NEW IN TOWN: New Orleans on the Avenue

When Zing, the small-plates-then-big-plates eatery on Indiana Avenue, closed last May, we knew it wouldn’t be long before someone came along to snatch up this historic, two-story gem of a restaurant location. But we were surprised to hear it would soon be the second outpost of Avon strip-mall Cajun eatery Nawlins Creole Cafe. Hopefully they could do the big, flashier space justice. So when we saw an open sign lit up in the window after the John Waters event at the Madame Walker Saturday night, we dashed across West Street to try it out.

Hardly a thing has changed since Zing left, though a painting of a jazz musician has replaced the Kyle Ragsdale original in the stairwell, and the soundtrack has been changed to light jazz. But the menu at New Orleans on the Avenue, the name of the new place, is practically the same as at the one in Avon, featuring homey plates of etouffe and jambalaya. A few local brews were on tap, though the bartender didn’t have the goods to put together the Sazerac we requested. (Hopefully that will be on the way.) A plate of boudin balls offered up fluffy, rich boudin (a mixture of meats, spices, and rice popular in the Bayou) with a nice crust, though the garnish of iceberg lettuce, tomato, and onions seemed more suited for a deluxe diner burger.

Salads consisted of more iceberg and a few veggie garnishes with a creamy Cajun “vinaigrette.” Potato salad proved to be one of the creamiest versions we’d ever had—almost like a deviled egg salad with bits of potato. Entrees were fairly modest for their average $15 price and seemed a little wanting in presentation, especially the jambalaya, which was just three piles of rice on a white plate. But crawfish etouffe had a nice kick and a silky roux-based gravy, and red beans and rice exuded a hearty charm. Thin shreds of French bread with Country Crock made for a curious—and disappointing—extra.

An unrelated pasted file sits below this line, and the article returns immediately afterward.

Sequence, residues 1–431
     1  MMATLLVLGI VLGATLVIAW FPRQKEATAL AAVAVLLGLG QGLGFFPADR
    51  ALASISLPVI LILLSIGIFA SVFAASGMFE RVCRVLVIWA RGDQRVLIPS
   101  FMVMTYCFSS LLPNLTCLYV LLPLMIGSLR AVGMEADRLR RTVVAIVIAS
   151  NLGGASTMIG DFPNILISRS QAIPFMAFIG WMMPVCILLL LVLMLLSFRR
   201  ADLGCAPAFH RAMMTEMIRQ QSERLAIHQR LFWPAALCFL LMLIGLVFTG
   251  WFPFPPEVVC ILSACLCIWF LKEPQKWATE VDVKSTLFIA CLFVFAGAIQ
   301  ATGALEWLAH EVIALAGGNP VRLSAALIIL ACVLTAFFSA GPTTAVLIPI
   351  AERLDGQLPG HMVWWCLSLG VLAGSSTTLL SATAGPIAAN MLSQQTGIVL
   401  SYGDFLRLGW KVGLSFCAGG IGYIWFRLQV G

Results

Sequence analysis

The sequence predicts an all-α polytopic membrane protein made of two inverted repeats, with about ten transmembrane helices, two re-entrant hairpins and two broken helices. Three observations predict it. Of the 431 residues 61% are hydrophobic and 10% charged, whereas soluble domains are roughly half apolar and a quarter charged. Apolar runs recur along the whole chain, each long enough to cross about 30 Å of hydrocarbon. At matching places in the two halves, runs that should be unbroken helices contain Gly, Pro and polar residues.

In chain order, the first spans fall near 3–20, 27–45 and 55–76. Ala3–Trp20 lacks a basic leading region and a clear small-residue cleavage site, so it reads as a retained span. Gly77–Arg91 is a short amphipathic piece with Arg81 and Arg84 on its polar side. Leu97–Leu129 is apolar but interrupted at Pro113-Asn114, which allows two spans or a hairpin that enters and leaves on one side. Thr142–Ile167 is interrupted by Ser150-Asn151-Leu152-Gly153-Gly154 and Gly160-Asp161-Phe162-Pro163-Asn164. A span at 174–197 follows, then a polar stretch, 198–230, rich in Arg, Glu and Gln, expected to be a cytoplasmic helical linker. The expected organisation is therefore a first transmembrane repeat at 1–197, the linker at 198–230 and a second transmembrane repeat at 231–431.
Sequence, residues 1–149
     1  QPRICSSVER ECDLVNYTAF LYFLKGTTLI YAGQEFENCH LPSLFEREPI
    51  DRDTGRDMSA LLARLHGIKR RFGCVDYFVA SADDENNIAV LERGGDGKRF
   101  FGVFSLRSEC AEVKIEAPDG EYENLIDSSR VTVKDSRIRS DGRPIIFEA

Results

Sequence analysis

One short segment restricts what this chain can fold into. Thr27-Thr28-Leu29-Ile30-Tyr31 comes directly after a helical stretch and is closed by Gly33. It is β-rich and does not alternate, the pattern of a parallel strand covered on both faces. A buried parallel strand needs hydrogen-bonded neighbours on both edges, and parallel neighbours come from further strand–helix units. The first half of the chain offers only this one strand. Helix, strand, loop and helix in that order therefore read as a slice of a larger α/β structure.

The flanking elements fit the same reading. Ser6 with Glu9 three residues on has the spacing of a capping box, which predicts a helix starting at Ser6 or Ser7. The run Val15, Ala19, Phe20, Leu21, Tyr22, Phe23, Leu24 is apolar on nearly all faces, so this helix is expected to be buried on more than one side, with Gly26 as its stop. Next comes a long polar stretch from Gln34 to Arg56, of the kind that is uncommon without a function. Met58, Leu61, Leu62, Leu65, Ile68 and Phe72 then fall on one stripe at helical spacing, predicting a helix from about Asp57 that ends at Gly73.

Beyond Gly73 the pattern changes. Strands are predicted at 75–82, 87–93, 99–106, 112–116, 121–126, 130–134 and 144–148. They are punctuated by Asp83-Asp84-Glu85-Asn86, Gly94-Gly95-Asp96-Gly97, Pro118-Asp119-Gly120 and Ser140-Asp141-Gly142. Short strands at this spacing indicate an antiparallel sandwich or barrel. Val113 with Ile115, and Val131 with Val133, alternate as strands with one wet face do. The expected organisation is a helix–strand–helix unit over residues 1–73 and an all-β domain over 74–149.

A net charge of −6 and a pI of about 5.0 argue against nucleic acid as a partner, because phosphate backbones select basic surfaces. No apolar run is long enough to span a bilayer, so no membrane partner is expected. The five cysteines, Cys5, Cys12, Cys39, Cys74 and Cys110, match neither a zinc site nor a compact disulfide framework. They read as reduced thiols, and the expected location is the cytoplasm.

Definitely the highlights were an enviably juicy breaded pork chop and a spicy sausage po’ boy with seasoned fries, the latter the bargain of the night at $9. We left saying we’d be back for lunch, but we hoped that as New Orleans on the Avenue gets its footing that it will adjust the portion sizes to the prices, turn the garish lights down, and move more toward the funky vibe of its environs. As well as getting that Sazerac we wanted to help let the good times roll!